Brian Cloninger, the man convicted of shooting 8-year-old Donald "D.J." Maiden in the face in 2013, was sentenced to 45 years in prison Friday.
The boy, now 9-years old, has undergone surgery to repair his face. But his grandmother Sharon Locklin testified Friday at Cloninger's sentencing that D.J. still lives in fear of seeing the shooter again and in fear of kids bullying over his appearance.
"He always asks, 'Well, grandma, am I always going to look like this?' And I say, 'We're trying D.J., we're really trying to make you like your old self,'" Locklin said.
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Cloninger, 48, admits going to the boy's Dallas apartment complex to see a prostitute, but still claims he does not remember the shooting because of prescription drugs and alcohol he used that day. At his sentencing Friday, Cloninger asked the judge to return him to his work as a plumber so he could pay restitution to the family.
"I just hope that someday the family of Donald can forgive me and I just beg for mercy and the opportunity to get help and possibly become a productive member of society," Cloninger said.
The judge imposed the 45-year sentence without comment.
The victim's relatives said they were satisfied but still troubled by the medical treatment that lies ahead.
"The man will be away for a while so he has a chance to grow into his adulthood and become the best man he can be," Locklin said.
Prosecutor Carmen White said the law grants no defense for voluntary intoxication before a crime.
"Today we believe that justice was served, that D.J. will be able to go on and live his life knowing that the criminal justice system works," White said.
Cloninger Found Guilty
Cloninger was found guilty last week.
There was no jury in the trial. Retired Judge Gary Stephens heard the case.
Speaking publicly for the first time since his arrest, Cloninger began his testimony Tuesday afternoon with an apology.
"More than anything I wanted to say something to the family, that I'm sorry about what happened that day," Cloninger said.
The plumber went on to explain how he arranged to meet a transsexual prostitute for a massage at the boy's apartment complex that day because he was distraught over being laid off from his job.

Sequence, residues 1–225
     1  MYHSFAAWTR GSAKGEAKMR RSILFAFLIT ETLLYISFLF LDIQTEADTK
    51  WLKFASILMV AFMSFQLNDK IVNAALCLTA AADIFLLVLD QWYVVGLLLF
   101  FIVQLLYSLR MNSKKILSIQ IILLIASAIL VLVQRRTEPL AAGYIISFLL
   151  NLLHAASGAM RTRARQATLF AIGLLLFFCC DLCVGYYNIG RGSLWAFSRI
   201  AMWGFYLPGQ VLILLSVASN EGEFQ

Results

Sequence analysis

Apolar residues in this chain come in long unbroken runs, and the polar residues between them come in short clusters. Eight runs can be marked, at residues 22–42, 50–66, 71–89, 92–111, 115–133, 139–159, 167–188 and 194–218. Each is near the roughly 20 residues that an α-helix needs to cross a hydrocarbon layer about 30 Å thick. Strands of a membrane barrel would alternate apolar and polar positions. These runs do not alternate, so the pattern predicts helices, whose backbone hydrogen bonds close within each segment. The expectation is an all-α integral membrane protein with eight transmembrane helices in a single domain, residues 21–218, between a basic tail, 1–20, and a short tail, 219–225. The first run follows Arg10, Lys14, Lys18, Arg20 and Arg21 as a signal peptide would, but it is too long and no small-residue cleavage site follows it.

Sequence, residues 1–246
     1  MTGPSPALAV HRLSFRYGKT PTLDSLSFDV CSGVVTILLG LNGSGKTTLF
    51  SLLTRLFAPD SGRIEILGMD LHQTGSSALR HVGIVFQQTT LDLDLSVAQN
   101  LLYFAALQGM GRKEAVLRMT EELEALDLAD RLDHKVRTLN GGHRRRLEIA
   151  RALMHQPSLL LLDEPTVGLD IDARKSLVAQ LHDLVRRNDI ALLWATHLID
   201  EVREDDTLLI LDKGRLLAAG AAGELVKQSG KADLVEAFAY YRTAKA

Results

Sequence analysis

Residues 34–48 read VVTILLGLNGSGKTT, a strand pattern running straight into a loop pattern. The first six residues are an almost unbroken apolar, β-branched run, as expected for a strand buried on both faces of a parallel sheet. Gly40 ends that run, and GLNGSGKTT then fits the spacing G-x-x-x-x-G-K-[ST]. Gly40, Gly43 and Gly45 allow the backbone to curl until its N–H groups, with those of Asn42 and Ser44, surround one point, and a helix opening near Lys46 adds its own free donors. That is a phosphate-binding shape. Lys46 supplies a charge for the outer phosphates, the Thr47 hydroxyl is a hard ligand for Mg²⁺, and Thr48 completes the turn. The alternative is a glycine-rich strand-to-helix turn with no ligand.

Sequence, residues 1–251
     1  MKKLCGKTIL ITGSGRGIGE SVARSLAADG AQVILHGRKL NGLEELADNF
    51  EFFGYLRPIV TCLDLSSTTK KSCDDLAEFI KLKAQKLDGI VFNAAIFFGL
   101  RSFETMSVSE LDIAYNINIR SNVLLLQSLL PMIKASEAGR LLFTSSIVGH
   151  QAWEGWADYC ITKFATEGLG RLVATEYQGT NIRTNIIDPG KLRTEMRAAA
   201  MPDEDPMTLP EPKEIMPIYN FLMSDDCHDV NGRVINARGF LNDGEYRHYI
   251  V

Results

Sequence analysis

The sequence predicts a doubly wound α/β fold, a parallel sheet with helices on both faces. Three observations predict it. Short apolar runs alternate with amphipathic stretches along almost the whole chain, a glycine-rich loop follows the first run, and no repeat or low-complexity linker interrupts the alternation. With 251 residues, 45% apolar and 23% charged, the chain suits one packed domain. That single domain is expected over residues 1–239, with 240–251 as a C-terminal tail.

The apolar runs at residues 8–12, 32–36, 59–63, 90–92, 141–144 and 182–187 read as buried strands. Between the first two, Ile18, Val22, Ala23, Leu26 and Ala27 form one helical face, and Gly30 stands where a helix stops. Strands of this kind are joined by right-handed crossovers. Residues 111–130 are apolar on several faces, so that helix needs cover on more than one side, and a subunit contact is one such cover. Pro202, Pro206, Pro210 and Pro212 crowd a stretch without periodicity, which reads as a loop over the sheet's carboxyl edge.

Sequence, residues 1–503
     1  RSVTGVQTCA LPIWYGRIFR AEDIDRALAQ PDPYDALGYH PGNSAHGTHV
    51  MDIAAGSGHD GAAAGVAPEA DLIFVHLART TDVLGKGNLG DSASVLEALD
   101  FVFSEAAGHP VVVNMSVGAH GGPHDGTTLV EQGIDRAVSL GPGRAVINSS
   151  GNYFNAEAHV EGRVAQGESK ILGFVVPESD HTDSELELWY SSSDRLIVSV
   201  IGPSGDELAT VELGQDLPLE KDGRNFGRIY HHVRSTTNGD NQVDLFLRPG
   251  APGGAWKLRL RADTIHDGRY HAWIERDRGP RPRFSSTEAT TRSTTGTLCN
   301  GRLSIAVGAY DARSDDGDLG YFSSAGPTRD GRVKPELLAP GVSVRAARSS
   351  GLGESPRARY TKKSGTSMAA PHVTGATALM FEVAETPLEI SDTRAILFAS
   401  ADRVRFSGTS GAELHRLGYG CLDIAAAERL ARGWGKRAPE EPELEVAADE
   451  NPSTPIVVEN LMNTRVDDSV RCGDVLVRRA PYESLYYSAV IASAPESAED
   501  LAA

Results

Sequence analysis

He said he'd left a gun in his pick-up truck from an excursion the weekend before.
Cloninger said he was taking the medication Vyvanse for attention deficit disorder and he had a strange reaction to the drug. He also admitted drinking numerous cans of beer and said he went "lights out" before he left the prostitute's apartment.
"I do not ever recall seeing Donald, a child. I don't remember picking up the gun. I don't remember firing the gun. I don't remember setting the gun back down. I wish I could sit here and tell you I did.
It would clear a lot of things up. I don't ever remember being out of the vehicle," Cloninger said.
The boy's family members were in the court room during Cloninger's testimony Tuesday. They became emotional and left after listening to what Cloninger said.
Earlier Tuesday, Cloninger's wife, Martha Ewing Cloninger, testified that she was shocked to hear what her husband had done that day.
"That would be an understatement," she said.
She denied knowing her husband had any interest in prostitutes and said she had had never seen him as inebriated as he was reported to have been the day of the crime. His wife said she did know Brian Cloninger was not supposed to drink alcohol or have firearms because he was on probation for drunk driving.
Dallas psychiatrist John Tallmadge testified the combination of drugs and alcohol could induce stupor and account for amnesia.
Prosecution witnesses occupied the first week of the trial and it adjourned Tuesday before Brian Cloninger was finished on the stand.
NBC 5's Holley Ford contributed to this report.